Vietnam plans wage raise for public sector after corruption linked to income
Vietnamese civil servants and public employees, including teachers and doctors, may be receiving higher pay soon as the government has announced a plan to raise the basic wage for the sector by 7.4 percent next year.
On Monday, the government submitted its proposal to legislators, seeking to raise the wage level from the current VND1.21 million ($54) a month to VND1.3 million ($58).
In Vietnam, the minimum monthly pay for civil servants and public employees is calculated by multiplying that basic level with a coefficient determined by qualifications and experience.
The coefficient for a new subdistrict-level civil servant with a bachelor’s degree, for example, is 2.34.
Many in the public sector have for years complained that their earnings are too low. In May this year, the public sector's minimum wage was increased by 5 percent, the first time in three years.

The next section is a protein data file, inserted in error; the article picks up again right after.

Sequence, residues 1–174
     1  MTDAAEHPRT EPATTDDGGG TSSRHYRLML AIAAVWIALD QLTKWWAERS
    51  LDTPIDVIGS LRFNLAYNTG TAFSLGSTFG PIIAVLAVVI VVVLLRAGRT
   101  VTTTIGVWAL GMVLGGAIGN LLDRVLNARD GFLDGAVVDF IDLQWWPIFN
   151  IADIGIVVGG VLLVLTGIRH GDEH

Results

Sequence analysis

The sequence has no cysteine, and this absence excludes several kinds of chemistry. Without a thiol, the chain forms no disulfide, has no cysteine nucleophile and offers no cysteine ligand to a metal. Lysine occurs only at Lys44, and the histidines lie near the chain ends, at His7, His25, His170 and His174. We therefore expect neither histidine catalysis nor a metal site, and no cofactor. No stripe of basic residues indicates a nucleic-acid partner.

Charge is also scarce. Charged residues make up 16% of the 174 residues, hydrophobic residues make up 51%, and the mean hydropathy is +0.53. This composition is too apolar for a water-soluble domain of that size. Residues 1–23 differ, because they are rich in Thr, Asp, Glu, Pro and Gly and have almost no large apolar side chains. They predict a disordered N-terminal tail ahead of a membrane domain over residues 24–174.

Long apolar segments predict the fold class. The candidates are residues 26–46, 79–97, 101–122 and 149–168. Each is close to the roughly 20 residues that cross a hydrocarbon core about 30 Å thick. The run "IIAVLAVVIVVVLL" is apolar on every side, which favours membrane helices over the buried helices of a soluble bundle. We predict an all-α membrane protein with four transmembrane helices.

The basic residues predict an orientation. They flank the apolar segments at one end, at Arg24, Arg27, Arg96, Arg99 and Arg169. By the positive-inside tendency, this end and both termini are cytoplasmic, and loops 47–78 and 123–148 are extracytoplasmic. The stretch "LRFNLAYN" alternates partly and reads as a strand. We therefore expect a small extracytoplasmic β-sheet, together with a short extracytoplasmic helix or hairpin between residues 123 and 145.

The new proposal came only days after economists said at a recent conference that low wages can increase the level of corruption.
They said the current wages for many officials only cover 60 percent of basic living costs at best, but most have stopped depending on the official salaries and still manage to afford nice houses and cars anyway.
Despite the poor official income, the public sector has proven an attractive place that not just anyone can enter.
Vietnam’s most recent Governance and Public Administration Performance Index has confirmed that personal relationships and informal payments "still play an important role for those who wish to pursue public sector careers".
The index, considered the largest national governance and public administration performance monitoring tool in Vietnam and surveying nearly 75,000 citizens annually since 2009, has found that “nepotism and corruption in public sector employment have become a systemic problem.”
Previously similar surveys found many people in the country had to pay bribes to facilitate business activities, for land use right certificates, hospital and public education services.
Vietnam ranked 112th out of 168 countries in the Corruption Perceptions Index in 2015.
Nguyen Duc Hai, chairman of the parliamentary Finance and Budget Committee, said the newly proposed pay raise is reasonable considering higher costs of living.
But Hai said the government also needs to scale down the workforce to reduce the pressure on the state budget.
The government is having 2.8 million people on its payroll, according to local media.